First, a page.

Lean Startup Book Review: Don’t Believe Everything You Think

This [lean startup approach] is the scientific way of building startups. It requires a commitment to learning and thoughtfulness. It is being documented in books like Steve Blank’s Four Steps to the Epiphany and blogs like Eric Ries’ Startup Lessons Learned. It represents the triumph of learning, over the naive startup creation myths we read about in the media.
Venture Hacks

The critical question isn’t ‘What do your customers want?’ It is ‘How do you KNOW what your customers want?’
Robert Morton

A lean startup approach is a commitment to entrepreneurial mindset, a recognition that the worst enemy of startups is the illusion of knowledge about what a market wants. In other words, a lean startup entrepreneur needs to accept and try to overcome the limitations of her mind.

In Don’t Believe Everything You Think: The 6 Basic Mistakes We Make in Thinking, Thomas Kida has written a great introductory primer on the basic errors we make in thinking. While most literature on this subject uses very technical and theoretical language such as confirmation bias, Kida presents some basic, useful concepts along with examples from our every day lives.

He calls them a “Six Pack of Problems”:

  • We prefer stories to statistics
  • We seek to confirm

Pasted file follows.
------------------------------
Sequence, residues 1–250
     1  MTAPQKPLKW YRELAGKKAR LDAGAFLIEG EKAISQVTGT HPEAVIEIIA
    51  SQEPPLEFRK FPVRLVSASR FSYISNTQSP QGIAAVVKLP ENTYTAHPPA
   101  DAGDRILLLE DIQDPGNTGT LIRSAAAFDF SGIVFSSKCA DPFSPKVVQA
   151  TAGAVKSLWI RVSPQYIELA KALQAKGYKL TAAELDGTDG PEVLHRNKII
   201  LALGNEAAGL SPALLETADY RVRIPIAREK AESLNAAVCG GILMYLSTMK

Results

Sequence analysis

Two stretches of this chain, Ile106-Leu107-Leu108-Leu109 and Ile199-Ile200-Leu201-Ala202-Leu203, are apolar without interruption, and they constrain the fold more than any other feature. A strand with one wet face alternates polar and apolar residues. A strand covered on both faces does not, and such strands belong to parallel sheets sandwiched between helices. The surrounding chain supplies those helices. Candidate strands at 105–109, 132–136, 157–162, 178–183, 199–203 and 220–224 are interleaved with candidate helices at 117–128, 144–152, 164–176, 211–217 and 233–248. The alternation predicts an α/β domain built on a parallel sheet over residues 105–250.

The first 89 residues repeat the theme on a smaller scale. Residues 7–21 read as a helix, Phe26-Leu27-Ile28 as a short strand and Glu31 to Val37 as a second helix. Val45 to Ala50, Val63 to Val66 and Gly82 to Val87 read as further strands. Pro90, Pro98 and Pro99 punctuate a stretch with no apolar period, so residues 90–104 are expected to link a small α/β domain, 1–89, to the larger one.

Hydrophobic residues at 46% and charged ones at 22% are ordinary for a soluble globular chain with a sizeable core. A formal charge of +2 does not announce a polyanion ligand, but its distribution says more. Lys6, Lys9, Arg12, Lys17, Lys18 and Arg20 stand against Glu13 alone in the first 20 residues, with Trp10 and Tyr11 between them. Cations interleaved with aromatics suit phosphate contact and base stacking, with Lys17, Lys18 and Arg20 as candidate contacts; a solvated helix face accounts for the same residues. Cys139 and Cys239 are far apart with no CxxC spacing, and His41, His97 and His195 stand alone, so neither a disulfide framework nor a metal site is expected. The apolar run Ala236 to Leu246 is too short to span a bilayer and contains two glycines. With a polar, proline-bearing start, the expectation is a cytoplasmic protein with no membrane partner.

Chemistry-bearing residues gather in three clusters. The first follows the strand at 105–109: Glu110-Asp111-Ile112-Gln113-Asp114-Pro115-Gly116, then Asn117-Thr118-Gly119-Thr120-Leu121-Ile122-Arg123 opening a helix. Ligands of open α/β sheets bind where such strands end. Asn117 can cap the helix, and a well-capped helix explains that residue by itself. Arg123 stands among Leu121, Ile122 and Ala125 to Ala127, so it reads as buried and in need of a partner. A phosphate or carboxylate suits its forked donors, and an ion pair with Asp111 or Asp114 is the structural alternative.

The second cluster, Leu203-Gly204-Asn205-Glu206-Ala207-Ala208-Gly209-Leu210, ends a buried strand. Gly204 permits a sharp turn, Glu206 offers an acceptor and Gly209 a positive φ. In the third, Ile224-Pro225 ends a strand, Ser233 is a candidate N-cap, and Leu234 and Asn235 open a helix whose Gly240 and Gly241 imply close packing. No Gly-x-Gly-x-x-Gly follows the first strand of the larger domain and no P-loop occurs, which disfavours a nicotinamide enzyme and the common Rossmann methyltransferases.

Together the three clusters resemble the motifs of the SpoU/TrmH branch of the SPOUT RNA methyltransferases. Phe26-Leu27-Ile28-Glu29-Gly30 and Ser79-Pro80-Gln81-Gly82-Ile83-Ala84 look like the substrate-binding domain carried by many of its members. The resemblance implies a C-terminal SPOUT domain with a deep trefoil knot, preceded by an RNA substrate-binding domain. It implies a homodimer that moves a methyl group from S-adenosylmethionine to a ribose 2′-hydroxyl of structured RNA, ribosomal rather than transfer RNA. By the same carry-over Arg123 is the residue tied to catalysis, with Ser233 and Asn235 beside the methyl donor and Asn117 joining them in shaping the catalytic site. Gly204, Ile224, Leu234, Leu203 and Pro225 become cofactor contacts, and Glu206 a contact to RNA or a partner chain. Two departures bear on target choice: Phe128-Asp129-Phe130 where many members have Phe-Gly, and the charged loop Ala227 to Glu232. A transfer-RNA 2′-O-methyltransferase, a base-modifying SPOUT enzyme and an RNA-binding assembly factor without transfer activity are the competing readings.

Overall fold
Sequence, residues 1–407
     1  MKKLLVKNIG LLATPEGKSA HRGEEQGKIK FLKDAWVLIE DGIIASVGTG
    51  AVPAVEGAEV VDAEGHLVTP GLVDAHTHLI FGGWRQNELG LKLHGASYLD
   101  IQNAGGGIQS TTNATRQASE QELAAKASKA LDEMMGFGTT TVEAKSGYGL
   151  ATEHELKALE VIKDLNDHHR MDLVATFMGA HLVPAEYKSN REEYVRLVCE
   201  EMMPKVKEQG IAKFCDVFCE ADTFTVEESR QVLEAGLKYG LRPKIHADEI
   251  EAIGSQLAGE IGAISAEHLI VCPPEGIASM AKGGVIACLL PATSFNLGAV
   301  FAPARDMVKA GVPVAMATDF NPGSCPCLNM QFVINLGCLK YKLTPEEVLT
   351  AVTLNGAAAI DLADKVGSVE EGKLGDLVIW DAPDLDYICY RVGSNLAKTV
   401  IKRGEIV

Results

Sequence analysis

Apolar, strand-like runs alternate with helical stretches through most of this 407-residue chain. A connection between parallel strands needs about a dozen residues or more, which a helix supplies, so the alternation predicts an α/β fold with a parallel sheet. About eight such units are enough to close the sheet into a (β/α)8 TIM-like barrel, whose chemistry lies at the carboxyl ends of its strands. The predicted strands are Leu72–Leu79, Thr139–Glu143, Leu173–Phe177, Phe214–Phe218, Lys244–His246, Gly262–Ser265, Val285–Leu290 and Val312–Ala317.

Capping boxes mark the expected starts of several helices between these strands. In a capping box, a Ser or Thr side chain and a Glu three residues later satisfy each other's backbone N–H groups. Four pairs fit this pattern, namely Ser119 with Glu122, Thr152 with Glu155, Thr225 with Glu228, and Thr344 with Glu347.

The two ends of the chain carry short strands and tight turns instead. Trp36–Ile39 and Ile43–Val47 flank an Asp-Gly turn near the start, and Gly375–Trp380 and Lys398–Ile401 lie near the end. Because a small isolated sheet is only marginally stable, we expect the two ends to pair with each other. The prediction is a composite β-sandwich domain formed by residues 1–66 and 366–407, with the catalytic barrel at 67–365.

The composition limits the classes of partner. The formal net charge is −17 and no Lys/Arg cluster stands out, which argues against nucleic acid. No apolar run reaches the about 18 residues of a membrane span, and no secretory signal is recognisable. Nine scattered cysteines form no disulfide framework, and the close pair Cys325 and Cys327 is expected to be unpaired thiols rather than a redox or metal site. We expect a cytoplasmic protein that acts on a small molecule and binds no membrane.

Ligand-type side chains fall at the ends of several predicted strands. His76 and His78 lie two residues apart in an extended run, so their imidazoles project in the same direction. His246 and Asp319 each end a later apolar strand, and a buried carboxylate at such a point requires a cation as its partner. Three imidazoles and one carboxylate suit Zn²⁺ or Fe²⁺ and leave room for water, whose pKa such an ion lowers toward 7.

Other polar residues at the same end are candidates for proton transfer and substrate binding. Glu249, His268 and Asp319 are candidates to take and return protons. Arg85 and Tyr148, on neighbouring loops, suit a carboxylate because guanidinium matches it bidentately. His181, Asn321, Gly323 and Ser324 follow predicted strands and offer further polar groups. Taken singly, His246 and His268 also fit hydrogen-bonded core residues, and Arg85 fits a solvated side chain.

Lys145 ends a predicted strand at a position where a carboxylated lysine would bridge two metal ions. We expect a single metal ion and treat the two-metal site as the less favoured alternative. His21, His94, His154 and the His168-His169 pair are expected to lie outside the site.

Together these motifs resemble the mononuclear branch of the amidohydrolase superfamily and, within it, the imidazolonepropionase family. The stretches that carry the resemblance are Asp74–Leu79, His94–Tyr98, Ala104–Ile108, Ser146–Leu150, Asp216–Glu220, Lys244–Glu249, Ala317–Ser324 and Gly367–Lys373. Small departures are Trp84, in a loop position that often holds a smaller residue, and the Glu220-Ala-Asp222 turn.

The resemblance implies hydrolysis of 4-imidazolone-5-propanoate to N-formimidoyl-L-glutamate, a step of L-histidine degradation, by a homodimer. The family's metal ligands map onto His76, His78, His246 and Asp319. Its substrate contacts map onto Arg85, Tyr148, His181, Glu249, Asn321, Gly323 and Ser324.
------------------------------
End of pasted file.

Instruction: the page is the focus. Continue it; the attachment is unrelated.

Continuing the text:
• We rarely appreciate the role of chance and coincidence in life
  • We can misperceive our world
  • We oversimplify
  • We have faulty memories
  • Kida presents strategies for improving our critical thinking – strategies a lean startup entrepreneur can use in vetting markets.

    For instance, I am prone to making the classic entrepreneurial mistake of asking prospective customers questions that serve to confirm what I already want to believe. I need strategies for getting to the truth and saving myself the pain of self delusion.

    Consider for a moment, the following answers to How do you KNOW what your customers want?

      The X market has a problem with Y, and the technology we’ve been building in our lab will allow them to do Z by…
      I have interviewed 10 industry executives about the problem, showed them screenshots of my proposed solution, and confirmed that they are very interested.
      5 prospective customers have signed an LOI to test and buy at $X

    The first answer is a story – not evidence. The second answer begs for skepticism about how the interviews are conducted. The final answer is a fact.

    Which do you find most convincing?

    2 Comments

    1. Patrick October 28, 2009 at 6:17 pm #

      Hi Kevin,

      Good post. Kida’s books seems to be a distilled version of Taleb’s “The Black Swan”, which I highly recommend.

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